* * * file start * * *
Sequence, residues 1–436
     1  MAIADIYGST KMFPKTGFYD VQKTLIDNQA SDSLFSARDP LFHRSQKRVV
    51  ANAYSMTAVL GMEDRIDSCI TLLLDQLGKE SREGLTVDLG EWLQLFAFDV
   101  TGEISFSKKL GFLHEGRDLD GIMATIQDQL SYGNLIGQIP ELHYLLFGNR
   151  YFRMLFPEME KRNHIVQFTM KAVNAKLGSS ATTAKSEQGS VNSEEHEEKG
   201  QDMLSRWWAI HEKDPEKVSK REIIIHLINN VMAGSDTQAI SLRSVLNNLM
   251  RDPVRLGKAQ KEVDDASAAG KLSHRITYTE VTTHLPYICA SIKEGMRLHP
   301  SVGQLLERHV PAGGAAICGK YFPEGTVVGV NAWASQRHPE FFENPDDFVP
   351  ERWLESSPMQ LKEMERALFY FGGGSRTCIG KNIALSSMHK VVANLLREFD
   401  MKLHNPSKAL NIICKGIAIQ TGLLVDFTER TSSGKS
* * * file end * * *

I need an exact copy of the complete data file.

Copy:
Sequence, residues 1–436
     1  MAIADIYGST KMFPKTGFYD VQKTLIDNQA SDSLFSARDP LFHRSQKRVV
    51  ANAYSMTAVL GMEDRIDSCI TLLLDQLGKE SREGLTVDLG EWLQLFAFDV
   101  TGEISFSKKL GFLHEGRDLD GIMATIQDQL SYGNLIGQIP ELHYLLFGNR
   151  YFRMLFPEME KRNHIVQFTM KAVNAKLGSS ATTAKSEQGS VNSEEHEEKG
   201  QDMLSRWWAI HEKDPEKVSK REIIIHLINN VMAGSDTQAI SLRSVLNNLM
   251  RDPVRLGKAQ KEVDDASAAG KLSHRITYTE VTTHLPYICA SIKEGMRLHP
   301  SVGQLLERHV PAGGAAICGK YFPEGTVVGV NAWASQRHPE FFENPDDFVP
   351  ERWLESSPMQ LKEMERALFY FGGGSRTCIG KNIALSSMHK VVANLLREFD
   401  MKLHNPSKAL NIICKGIAIQ TGLLVDFTER TSSGKS